Inspectors checking urban forest health

Published on Tuesday, 09 July 2024 13:50

Some Dauphin residents may be receivng a knock on their door as Manitoba Forestry and Peatlands Branch staff complete surveys for Dutch Elm Disease and elm firewood, as well as monitoring for invasive forest pests.

Provincial inspectors will be driving or walking around the community to look for Dutch Elm Disease infected trees and elm firewood with bark attached. Elm firewood spreads Dutch Elm Disease and is illegal to store.

But it is not just Dutch Elm Disease that is being targetted.

“I think they are looking for Emerald Ash Borer and apparently it’s not here yet, thankfully,” deputy city manager Lisa Gaudet said.

“But they do monitor for that. They’re keeping a close eye on Emerald Ash Borer.”

Inspectors will be wearing high visibility vests and government issued identification.

They will be surveying both private and public property and may not approach every resident or house before entering onto properties to conduct inspections.

Inspectors will knock on doors prior to taking branch samples, marking Dutch Elm Disease infected trees, or marking elm firewood for removal under the Dutch Elm Disease Management Program and The Forest Health Protection Act.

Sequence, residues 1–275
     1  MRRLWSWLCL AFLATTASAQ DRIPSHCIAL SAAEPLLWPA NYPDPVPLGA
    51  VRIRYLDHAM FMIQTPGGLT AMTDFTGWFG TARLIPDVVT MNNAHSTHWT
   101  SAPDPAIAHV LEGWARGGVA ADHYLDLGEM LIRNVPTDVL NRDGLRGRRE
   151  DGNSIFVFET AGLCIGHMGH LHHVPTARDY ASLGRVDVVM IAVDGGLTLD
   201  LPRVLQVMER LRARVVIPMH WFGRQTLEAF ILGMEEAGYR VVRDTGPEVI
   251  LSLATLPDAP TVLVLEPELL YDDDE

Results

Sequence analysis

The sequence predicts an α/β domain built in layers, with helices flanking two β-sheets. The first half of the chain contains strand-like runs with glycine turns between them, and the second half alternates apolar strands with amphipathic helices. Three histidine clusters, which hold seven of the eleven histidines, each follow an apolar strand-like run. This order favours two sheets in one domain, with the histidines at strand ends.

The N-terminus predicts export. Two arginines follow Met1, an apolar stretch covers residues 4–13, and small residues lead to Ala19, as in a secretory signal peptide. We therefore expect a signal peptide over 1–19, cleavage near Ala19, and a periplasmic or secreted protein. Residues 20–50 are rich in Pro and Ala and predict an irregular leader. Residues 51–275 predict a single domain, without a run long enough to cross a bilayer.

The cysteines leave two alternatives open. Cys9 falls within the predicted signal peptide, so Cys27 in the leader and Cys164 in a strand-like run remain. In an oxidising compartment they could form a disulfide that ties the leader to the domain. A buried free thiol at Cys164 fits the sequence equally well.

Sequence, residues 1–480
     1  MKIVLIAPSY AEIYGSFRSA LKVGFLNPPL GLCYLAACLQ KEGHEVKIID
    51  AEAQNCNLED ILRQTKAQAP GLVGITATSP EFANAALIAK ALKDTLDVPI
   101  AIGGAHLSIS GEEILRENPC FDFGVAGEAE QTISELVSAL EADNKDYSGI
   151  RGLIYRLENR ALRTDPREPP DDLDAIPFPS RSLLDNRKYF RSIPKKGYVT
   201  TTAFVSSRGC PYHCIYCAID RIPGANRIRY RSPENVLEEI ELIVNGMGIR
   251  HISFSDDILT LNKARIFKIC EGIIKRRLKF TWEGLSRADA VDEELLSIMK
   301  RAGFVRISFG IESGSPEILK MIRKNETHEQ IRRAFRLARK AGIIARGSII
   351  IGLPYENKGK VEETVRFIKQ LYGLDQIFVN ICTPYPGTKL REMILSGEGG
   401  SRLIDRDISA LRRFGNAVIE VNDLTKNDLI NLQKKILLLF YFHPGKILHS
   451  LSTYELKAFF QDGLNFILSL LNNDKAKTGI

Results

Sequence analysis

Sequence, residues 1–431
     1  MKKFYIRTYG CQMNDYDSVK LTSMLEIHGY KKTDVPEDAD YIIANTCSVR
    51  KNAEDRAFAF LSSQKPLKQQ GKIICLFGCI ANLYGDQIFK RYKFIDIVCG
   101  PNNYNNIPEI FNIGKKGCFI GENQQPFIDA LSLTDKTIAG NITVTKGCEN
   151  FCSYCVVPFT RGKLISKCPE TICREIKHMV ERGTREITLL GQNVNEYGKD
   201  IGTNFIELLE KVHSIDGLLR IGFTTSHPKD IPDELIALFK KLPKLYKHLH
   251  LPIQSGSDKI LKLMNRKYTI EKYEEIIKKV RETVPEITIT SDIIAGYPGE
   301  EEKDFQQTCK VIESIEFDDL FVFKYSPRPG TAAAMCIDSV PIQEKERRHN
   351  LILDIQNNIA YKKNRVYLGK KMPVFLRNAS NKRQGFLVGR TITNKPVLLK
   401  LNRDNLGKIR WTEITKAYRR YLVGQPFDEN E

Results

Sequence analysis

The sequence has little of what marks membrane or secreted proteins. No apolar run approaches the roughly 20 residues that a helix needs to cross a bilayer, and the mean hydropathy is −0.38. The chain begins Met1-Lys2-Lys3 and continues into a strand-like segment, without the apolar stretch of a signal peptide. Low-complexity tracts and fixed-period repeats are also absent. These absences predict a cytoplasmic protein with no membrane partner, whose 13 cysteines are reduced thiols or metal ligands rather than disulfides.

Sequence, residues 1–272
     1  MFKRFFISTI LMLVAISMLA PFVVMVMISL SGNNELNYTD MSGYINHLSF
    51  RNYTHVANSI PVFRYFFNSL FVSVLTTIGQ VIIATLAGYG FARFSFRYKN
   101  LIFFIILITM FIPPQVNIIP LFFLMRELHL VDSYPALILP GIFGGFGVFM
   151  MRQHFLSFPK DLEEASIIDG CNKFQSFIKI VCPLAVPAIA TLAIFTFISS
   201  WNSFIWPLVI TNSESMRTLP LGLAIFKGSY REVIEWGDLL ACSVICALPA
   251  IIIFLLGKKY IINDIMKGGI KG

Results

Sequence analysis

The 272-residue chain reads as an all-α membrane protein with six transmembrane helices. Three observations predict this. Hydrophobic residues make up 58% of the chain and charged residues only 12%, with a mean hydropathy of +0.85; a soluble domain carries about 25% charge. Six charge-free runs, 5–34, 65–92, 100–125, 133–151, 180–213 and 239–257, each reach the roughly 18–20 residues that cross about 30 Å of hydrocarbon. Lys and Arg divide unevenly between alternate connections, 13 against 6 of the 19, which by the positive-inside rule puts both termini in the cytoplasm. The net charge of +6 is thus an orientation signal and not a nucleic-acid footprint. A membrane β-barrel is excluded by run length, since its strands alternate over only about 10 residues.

Gaudet said the surveys are part of a city and provincial partnership to combat urban forest threats.

“They identify the trees and they provide a list for the rapid removals later this summer. We usually remove about 18 to 20 trees via rapid removal,” she said.

“Then in the fall they give me the full list of Dutch Elm Disease trees that need to be removed. I release an RFP (request for proposals) in the fall and contract someone to remove them in January and February each year.”

Dauphin residents are advised inspectors may be working in the evenings and on weekends.

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Published in Dauphin Herald News